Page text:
Food Ecosystem FAQ

Food ecosystems are complex networks of farms and fisheries operating locally, regionally and globally. Policies about land use, farmworker rights, use of chemicals, transportation and distribution systems significantly impact how individuals and communities access high-quality, affordable foods. Even issues such as food waste impact our communities.

Here are some common questions about food ecosystems:

What’s the connection between health and food systems? Is it just about things such as nutrition and affordability?

The connection between food systems and health is how what is grown, where and at what cost contributes substantially to population health. Issues such as nutrition and affordability are highly visible, longstanding global food system issues. The food system is all activities and resources that contribute to and influence producing, distributing and consuming food; a soil-to-soil system that includes all the resources, technologies, stakeholders, relationships, policies and laws that shape and influence how food moves through the system – from farm to plate and back to the farm again. All of these stages are connected to health, and adopting a food system that’s “environmentally sustainable, improves nutritional quality, and supports human dignity and justice” is a priority. In addition to nutrition and affordability, other well-researched determinants of health correlate to the food system, such as food access and insecurity; child food insecurity and obesity; farmworker rights and health; environmental impacts of the food system; and climate change.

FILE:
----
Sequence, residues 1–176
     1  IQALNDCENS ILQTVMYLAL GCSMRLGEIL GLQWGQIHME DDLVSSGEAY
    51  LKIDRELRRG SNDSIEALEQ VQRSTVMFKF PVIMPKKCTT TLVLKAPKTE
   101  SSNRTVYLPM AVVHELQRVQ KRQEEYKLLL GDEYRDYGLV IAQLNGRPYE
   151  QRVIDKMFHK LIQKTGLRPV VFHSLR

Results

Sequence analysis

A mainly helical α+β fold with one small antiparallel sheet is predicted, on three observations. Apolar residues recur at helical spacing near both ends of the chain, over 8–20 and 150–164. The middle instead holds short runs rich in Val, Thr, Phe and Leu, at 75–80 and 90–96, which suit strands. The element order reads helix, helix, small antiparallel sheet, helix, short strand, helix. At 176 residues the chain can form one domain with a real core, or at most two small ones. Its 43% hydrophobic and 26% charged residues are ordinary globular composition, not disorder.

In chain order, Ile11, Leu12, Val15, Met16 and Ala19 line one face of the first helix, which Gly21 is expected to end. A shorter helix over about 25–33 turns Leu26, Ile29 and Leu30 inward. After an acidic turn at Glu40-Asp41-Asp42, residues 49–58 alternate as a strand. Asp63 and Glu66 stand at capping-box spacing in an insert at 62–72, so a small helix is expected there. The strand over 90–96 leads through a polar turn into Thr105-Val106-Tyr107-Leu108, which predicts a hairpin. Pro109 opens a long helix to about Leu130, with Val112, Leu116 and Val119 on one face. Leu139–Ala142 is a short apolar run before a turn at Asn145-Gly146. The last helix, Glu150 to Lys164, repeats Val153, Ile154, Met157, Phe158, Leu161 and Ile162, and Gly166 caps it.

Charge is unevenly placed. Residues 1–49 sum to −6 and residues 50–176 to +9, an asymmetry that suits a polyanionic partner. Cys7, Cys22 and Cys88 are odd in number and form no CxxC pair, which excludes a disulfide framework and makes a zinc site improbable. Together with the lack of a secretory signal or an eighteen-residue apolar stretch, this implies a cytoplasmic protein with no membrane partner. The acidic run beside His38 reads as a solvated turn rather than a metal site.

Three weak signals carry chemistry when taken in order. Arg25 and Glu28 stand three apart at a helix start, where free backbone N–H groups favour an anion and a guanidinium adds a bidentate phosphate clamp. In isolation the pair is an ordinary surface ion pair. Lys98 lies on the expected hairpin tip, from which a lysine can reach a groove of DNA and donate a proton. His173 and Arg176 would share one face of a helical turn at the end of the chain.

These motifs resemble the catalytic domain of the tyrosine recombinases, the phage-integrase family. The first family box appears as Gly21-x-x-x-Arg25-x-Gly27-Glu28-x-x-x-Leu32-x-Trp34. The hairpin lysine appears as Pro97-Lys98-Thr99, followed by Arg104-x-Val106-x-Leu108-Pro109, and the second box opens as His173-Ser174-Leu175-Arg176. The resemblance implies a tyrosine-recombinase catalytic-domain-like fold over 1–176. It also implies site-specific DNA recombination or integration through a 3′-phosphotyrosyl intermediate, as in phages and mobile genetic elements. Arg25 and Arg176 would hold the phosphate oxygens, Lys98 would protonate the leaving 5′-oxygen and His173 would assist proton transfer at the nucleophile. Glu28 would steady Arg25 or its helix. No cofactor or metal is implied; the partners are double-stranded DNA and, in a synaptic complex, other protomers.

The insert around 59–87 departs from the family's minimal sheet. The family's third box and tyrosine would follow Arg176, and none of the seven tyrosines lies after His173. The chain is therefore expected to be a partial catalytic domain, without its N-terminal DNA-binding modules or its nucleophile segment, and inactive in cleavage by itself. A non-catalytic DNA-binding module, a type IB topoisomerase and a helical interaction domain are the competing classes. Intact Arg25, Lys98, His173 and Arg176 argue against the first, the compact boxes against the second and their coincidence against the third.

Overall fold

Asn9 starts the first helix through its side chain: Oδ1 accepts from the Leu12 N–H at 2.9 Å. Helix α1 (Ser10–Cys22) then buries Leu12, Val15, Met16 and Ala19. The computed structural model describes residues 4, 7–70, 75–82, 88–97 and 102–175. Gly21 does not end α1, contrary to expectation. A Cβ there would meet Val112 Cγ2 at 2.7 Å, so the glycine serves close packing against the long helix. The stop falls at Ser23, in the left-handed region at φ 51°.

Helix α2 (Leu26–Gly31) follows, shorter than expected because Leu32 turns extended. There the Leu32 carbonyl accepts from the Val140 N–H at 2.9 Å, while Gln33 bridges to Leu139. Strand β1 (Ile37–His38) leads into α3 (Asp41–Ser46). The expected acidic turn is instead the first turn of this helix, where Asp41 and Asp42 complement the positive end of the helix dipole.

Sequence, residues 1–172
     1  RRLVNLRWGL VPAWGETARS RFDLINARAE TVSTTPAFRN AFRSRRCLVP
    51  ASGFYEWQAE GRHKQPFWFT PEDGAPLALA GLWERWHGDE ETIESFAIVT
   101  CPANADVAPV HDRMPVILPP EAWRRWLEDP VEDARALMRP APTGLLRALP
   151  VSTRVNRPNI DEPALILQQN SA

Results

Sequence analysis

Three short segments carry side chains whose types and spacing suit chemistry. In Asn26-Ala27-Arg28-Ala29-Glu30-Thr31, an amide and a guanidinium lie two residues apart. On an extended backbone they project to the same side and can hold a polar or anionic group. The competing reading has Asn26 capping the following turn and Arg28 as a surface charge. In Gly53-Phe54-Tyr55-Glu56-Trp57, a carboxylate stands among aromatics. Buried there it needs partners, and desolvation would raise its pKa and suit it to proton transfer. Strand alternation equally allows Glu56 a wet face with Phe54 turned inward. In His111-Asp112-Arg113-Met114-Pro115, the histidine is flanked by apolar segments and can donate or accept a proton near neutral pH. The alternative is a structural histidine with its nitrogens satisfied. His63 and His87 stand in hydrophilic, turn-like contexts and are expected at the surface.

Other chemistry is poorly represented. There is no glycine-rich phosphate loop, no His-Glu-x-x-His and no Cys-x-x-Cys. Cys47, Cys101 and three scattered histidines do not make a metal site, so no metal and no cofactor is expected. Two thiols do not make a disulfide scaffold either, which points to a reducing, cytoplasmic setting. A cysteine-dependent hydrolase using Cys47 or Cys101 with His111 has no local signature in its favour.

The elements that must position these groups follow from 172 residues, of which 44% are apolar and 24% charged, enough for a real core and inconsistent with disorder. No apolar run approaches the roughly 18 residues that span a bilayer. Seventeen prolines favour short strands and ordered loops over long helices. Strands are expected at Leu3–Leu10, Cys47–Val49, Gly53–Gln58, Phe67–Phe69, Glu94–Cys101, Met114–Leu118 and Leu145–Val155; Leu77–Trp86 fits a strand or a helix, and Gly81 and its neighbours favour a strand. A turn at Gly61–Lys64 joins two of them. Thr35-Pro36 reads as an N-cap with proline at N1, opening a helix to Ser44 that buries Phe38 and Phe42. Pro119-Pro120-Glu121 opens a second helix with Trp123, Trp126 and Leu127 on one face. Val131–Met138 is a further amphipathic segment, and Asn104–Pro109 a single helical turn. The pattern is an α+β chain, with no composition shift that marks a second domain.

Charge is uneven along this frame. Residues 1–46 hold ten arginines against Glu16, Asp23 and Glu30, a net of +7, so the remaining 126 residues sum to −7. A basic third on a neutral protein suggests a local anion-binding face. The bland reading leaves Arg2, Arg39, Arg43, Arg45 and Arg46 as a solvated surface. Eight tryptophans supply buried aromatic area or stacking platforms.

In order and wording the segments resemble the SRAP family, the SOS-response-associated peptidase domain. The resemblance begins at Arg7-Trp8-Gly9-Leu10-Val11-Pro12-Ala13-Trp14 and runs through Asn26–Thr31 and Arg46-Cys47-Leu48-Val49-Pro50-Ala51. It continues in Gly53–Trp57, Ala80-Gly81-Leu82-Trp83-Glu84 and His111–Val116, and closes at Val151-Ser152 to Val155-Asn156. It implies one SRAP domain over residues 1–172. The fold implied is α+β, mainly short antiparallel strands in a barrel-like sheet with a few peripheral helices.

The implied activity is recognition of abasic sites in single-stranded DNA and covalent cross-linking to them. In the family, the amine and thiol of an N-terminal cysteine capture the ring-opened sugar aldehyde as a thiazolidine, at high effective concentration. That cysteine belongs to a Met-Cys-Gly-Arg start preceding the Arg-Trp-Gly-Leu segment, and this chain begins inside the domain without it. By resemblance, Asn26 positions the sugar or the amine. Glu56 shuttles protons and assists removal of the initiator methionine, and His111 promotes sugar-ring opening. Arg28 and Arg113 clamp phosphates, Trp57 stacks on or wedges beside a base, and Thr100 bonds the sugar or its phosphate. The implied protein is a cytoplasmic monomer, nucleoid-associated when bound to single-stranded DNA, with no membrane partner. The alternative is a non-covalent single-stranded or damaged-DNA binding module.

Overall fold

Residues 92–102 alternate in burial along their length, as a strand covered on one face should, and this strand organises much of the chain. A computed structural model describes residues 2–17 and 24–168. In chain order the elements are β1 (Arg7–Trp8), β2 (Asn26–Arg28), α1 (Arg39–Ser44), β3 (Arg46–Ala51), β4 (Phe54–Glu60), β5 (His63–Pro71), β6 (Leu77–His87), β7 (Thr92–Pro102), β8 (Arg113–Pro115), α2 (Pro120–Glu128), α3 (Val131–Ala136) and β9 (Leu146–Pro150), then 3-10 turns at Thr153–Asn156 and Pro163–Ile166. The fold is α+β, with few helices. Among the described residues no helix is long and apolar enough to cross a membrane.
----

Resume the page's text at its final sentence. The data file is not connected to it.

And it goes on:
What do you mean by stages of the food system?

The food system is a “soil-to-soil” connection between production, processing, distribution, consumption and waste management stages of agriculture and food. In the stages, the research considers all-natural, human and material resources, technology and cultures, policies and laws that contribute to the opportunities and challenges of our food system. The production stage includes traditional farming practices and resources, fishery management and sustainability. It also includes agricultural inputs such as soil and water that allow them to produce food. The processing stage is usually associated with unhealthy, inexpensive goods. But processing involves the basic steps needed to ensure the longevity of consumer goods from “farm to plate,” and even provide variety to food choice. The distribution stage of the food system is the bridge between producers and consumers. Distributors are also partly why foods are transported long distances. Larger, more competitive distributors may buy only from large farms that provide a steady supply of goods at the lowest prices — even if those farms are halfway across the globe. The consumption stage of the food system is probably the most visible since we are all consumers of food. This is often at a retail or commercial level of interaction, but consumers also play a role in holding those involved in the earlier stages accountable for their practices and products. 

Who are the stakeholders in the food ecosystem?